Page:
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Eternal Summer

Published online by Cambridge University Press:  05 January 2009


The first few hours on Greek soil are a fantastic and whirling jumble. Tumult is too feeble a word for the excited and inextricable chaos that is Peiraeus. The road thence to Athens must be at once the busiest and the worst in Greece. The main streets of the city are bedlam. Then suddenly, as a glimpse of the Parthenon is won, the mind skips the last twenty-four centuries and is lost to today. When it returns and you look about you, you might reasonably wonder where in time you are. The signs in the streets and the shops—ΟΔΟΣ ΤΡΙΠΟΔωΝ or ΑΡΤΟΠωΛΕΙΟΝ—are they ancient or modern? ‘All the Athenians … spent their time in nothing else but either to hear or to see some new thing.’ They live today, as they have always done, by talk and argument, be it over St. Paul's teaching or merely the price of a newspaper. Generations of foreign influence, Roman onwards, have left Greece unchanged, uncertain itself which century it is living in. The Unknown Soldier of modern war is represented by a dead hoplite, and beside him are written up two sentences from Thucydides.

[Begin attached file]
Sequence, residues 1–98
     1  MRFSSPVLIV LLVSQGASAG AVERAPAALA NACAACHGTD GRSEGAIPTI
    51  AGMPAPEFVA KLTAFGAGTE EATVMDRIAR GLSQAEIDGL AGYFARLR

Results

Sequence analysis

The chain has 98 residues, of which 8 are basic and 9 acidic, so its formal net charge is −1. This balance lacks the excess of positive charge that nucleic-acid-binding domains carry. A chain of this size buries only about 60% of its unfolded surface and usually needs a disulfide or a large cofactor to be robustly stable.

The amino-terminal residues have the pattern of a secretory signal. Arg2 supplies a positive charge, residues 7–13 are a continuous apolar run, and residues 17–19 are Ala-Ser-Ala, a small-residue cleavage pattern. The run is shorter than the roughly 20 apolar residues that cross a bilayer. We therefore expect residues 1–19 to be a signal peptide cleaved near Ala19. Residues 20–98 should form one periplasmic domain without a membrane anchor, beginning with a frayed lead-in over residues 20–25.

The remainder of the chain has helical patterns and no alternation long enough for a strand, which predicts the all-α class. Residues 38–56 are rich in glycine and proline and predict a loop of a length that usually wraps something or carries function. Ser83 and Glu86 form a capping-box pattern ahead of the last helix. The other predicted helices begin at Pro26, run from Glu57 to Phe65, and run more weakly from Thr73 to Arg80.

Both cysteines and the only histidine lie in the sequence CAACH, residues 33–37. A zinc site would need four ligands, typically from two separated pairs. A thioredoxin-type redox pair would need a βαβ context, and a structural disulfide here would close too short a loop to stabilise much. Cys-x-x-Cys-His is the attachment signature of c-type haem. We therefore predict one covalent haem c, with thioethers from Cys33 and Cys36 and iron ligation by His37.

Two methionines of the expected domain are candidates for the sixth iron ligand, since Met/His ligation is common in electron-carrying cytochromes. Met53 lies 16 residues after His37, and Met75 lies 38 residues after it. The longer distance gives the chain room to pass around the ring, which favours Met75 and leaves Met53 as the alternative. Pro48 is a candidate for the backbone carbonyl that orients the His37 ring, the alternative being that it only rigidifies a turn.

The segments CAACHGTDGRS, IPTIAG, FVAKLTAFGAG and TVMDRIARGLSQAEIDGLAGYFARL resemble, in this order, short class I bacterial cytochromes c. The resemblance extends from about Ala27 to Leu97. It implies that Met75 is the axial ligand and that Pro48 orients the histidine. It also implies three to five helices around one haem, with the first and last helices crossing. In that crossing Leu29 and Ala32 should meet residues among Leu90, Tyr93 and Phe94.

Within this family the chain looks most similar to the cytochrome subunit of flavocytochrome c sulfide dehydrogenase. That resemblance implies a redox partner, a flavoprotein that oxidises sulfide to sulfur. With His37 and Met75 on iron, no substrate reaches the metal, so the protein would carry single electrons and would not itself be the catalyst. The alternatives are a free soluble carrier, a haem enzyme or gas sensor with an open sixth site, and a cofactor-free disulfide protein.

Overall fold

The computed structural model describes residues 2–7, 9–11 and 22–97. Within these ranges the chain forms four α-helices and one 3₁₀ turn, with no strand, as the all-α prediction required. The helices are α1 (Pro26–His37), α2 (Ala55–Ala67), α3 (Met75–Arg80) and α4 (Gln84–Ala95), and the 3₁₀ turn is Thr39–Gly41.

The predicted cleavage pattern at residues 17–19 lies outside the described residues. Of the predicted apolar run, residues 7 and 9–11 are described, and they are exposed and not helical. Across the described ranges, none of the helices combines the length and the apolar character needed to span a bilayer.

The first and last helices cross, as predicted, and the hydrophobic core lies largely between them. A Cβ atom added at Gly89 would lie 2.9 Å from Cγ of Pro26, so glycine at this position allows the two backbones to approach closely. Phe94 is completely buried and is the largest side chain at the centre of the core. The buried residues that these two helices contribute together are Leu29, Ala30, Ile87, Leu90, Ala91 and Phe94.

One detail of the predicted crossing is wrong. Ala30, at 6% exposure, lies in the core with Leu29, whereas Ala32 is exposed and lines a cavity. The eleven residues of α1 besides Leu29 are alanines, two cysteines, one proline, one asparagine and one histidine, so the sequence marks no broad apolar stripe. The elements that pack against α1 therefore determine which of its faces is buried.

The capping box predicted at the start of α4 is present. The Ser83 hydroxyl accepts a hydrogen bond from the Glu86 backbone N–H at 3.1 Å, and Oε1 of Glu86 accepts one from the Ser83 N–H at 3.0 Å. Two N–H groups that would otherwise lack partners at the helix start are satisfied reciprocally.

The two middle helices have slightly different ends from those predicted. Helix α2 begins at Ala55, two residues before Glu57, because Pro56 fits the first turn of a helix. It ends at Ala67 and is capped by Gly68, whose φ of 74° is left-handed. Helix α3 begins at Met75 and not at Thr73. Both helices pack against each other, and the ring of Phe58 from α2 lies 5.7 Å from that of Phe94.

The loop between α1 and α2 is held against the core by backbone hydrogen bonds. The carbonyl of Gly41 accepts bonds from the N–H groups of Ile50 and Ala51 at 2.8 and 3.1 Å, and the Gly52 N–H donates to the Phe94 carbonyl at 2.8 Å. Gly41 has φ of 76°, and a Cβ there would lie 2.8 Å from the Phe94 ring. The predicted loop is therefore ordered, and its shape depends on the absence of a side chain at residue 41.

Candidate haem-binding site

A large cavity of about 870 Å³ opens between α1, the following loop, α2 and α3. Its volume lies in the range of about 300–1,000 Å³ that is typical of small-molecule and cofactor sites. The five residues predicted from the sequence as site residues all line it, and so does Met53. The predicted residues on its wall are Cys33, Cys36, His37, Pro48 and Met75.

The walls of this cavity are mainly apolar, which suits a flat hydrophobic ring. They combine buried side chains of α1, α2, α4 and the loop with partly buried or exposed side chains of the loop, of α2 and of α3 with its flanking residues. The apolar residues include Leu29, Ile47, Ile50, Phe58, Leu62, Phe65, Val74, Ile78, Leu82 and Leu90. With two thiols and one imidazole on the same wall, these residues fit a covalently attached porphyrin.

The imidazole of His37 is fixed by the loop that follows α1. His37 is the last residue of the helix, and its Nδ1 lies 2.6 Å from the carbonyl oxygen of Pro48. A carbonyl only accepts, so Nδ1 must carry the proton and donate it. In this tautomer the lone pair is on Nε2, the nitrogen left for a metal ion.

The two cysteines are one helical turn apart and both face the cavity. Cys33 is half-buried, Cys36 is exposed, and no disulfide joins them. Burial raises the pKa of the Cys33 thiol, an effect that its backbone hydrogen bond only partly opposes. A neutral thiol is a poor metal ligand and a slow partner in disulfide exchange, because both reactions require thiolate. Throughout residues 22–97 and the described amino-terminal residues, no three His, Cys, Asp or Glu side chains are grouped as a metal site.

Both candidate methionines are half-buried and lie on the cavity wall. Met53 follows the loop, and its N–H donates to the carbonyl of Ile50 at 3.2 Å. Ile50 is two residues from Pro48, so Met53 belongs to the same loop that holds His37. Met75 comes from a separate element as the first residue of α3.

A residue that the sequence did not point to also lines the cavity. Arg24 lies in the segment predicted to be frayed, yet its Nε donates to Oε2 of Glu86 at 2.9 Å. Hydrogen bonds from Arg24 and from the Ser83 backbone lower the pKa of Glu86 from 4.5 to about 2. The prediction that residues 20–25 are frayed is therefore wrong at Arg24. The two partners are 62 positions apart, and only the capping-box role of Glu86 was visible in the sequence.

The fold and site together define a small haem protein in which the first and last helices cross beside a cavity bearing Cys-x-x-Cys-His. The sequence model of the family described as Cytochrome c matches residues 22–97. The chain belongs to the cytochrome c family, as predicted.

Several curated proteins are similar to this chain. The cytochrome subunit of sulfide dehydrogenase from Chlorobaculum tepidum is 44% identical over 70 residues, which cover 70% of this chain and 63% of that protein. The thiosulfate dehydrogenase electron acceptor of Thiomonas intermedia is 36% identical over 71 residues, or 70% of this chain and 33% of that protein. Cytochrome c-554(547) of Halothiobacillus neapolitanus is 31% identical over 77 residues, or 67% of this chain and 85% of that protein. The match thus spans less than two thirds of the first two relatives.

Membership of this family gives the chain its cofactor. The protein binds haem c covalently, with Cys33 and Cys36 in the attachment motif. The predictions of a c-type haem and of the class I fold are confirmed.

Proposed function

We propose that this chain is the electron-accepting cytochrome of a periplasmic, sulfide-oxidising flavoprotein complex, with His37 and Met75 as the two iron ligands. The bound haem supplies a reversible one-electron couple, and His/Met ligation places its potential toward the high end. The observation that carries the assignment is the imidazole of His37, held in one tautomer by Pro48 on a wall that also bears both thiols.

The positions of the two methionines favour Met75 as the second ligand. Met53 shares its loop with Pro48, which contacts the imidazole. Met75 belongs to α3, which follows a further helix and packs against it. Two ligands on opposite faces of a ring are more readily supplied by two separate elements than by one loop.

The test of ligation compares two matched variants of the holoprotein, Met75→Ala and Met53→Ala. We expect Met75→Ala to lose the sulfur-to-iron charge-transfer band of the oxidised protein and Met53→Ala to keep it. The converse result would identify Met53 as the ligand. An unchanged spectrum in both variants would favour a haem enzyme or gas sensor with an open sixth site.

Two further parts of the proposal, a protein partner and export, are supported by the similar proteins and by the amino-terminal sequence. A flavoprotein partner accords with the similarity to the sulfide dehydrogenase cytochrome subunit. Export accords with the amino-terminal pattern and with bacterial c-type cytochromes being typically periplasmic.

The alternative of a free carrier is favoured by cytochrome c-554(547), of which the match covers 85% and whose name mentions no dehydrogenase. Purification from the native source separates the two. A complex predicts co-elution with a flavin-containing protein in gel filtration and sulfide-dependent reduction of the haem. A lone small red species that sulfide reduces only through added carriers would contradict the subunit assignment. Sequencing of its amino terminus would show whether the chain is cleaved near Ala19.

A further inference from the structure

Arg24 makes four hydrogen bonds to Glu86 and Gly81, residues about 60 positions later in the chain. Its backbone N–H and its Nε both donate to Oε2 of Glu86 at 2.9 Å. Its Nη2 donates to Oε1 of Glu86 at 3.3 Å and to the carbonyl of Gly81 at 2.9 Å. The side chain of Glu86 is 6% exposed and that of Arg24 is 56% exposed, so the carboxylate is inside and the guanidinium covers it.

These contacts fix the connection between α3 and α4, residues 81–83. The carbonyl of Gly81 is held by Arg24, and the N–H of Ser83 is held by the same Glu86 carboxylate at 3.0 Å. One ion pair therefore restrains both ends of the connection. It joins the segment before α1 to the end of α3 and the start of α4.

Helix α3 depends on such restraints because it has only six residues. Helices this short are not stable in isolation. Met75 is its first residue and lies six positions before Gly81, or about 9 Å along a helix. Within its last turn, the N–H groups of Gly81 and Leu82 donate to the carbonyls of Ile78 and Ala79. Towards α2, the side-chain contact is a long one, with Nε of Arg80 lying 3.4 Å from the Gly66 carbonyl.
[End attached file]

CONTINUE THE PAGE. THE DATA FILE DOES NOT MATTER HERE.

Research Article
Copyright © The Classical Association 1959

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